46. Minneapolis, MN: In 2003, Minnesota passed legislation protecting LGBTQ individuals from discrimination against sexual orientation and/or gender identity for housing, public accommodations, and employment. The City of Minneapolis also the Commission on Civil Rights for NDO enforcement, a LGBTQ liaison to city executives, and an LGBTQ police liaison/task force.
  47. Tulsa, OK: Oklahoma State does not currently have any nondiscrimination laws covering sexual orientation or gender identity. The City of Tulsa has passed a protection for housing only based on sexual orientation and/or gender identity.  Only 3% of Oklahoma State’s population is protected against sexual orientation and/or gender identity discrimination for housing, public accommodations, and employment.
  48. Wichita, KS: At a state level, Kansas does not have any antidiscrimination ordinances based on sexual orientation or gender identity. Kansas has three cities and one county, not including Wichita, that have passed local laws preventing discrimination against sexual orientation and/or gender identity for housing, public accommodations, and employment, which account for 11% of the total Kansas population.
  49. New Orleans, LA: While Louisiana does not have any nondiscrimination ordinances covering sexual orientation or gender identity, New Orleans is one of two cities that have instated local laws for housing, public accommodations, and employment against sexual orientation and/or gender identity discrimination.  New Orleans and Shreveport make up 12% of the total population of Louisiana.
  50. Arlington, TX: Unfortunately, Texas State does not have anti-discrimination legislation that includes sexual orientation or gender identity but there are six cities in Texas than have their own ordinances prohibiting discrimination based on sexual orientation and/or gender identity in employment, housing, and/or public accommodations. Those cities include Austin, Dallas, El Paso, Fort Worth, Plano, and San Antonio, which account for 12% of the Texas population.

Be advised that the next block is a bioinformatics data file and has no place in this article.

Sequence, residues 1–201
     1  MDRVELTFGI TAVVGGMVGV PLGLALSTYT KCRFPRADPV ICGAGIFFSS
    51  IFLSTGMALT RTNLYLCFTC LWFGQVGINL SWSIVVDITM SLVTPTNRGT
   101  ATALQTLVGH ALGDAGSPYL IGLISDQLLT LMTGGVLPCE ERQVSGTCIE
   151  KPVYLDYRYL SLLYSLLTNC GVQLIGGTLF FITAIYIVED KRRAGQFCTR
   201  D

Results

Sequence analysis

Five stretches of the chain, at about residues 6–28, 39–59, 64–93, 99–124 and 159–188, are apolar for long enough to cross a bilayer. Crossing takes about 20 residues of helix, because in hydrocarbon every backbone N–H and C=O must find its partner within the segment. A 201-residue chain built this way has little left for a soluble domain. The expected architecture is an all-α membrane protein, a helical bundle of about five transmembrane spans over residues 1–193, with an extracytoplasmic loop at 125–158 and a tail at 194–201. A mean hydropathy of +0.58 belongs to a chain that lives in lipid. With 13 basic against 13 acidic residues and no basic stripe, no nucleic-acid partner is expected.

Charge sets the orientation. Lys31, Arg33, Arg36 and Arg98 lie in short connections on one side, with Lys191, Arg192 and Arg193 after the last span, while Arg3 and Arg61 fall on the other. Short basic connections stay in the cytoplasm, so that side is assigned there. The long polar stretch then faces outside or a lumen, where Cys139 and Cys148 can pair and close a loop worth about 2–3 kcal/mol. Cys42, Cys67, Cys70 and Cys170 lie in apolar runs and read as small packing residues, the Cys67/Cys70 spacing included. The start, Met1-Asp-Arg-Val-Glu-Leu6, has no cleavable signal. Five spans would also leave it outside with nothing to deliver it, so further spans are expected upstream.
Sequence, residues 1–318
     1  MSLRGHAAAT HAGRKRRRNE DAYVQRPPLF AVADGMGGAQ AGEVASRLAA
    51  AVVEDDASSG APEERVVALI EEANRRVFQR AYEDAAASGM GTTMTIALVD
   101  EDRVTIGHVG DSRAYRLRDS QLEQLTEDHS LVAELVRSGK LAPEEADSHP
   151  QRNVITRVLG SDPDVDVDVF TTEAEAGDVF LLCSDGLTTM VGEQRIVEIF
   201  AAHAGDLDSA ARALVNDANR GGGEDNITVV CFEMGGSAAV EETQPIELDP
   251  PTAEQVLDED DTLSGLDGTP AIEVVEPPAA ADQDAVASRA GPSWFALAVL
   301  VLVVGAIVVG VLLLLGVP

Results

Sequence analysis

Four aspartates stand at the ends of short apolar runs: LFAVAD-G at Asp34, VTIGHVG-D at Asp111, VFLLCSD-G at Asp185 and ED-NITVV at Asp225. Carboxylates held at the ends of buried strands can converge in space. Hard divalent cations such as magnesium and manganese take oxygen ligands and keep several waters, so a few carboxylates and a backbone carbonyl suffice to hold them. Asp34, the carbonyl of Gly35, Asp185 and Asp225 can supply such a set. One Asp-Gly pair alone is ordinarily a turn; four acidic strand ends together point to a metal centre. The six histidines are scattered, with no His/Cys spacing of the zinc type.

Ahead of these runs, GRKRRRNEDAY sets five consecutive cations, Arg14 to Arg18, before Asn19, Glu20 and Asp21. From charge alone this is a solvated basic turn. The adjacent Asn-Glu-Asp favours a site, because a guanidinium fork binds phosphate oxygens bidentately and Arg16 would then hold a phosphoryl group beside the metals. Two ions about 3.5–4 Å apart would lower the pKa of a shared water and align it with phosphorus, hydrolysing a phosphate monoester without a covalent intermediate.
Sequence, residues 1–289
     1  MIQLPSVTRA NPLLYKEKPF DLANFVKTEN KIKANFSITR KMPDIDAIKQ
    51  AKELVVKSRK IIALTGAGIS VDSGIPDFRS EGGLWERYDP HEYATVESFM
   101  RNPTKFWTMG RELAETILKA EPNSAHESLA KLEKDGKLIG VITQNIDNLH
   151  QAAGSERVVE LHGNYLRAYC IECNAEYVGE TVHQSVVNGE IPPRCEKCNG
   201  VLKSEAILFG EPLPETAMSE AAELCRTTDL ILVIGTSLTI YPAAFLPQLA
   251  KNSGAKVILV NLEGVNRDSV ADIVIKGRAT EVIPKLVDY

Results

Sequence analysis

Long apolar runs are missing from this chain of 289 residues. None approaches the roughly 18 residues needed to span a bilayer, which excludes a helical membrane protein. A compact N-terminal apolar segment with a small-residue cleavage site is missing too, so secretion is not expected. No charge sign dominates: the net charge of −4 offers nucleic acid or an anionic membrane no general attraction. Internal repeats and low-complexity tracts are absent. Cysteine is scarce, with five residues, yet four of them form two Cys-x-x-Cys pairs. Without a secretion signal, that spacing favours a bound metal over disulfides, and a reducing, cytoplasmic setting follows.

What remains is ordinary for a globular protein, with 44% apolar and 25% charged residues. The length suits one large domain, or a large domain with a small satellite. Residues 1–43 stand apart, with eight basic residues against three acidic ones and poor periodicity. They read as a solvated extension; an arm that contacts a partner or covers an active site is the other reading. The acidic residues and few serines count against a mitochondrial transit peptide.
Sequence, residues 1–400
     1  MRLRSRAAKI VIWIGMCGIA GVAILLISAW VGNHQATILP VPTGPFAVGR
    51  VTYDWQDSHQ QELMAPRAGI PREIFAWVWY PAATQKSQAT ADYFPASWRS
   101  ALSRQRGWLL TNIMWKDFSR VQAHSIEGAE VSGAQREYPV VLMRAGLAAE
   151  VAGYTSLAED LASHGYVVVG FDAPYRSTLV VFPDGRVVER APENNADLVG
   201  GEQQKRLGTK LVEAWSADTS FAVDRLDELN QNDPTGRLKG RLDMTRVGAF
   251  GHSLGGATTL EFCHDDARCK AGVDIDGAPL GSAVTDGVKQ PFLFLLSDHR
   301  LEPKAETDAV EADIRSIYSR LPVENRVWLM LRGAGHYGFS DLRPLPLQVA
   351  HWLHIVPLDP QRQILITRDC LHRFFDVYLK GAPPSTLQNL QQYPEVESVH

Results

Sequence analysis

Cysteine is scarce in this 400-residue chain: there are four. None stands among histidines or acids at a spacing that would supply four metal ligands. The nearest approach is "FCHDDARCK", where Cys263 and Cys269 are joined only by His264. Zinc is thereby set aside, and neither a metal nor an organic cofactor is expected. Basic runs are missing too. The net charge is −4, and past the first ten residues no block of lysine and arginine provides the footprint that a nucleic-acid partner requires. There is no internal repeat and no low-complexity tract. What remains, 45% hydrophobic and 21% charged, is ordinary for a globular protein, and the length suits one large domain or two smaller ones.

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Things Straight Real Estate Agents Might Not Understand

There are many great real estate professionals out there, and chances are any of them will be able to help you find the perfect home. However, there are some things that gay or lesbian real estate professionals will understand right away while straight agents may not. Here are a few things these real estate experts might not grasp right away and why going with an LGBTQ agent might be a better option for you.

They May Not Realize You’re a Couple

Things Straight Real Estate Agents Might Not UnderstandSome straight real estate agents might assume you’ve brought a friend, or worse, your brother/sister, to look at the property with you. They won’t realize you’re looking for a home for the two of you. Correcting them can be a little stressful since you never know how they will react. An LGBTQ agent may ask if you’re together rather than assume you are.

They May Not Look for Family Homes

Another thing a straight real estate agent may do, often unconsciously, is assume that you won’t be starting a family. They may look for smaller homes for the two of you that simply won’t work for children. If you’re planning on starting a family either through adoption or surrogacy, it’s important to let them know upfront that you need a home that will support this. Some may assume that since the two of you can’t biologically have a child together, you’re not planning on a family.

They Sometimes Fall into Stereotypes

While even LGBTQ real estate professionals can do this, it’s more common for straight agents to stereotype gay and lesbian couples. They may assume that lesbian couples want a large shop for their home improvement projects or that gay men want very fashionable houses with a lot of color and extravagant décor. They might show you homes that play into these stereotypes at first, which can be frustrating.

They May Assume You Want to Live in the Gay District

If the city you’re moving to has a gay district, a straight real estate agent might assume that’s where you want to live. You might not have any interest in that area. A good agent, no matter what their orientation, should ask you upfront what part of the city you’re interested in or if there are any particular areas you need to be close to.

Overall, a straight real estate professional may simply make some assumptions. Often, they aren’t actively discriminating against you or purposely doing hurtful things. If you want to avoid any misunderstandings, though, working with a gay or lesbian agent will help you get your housing search off on the right foot.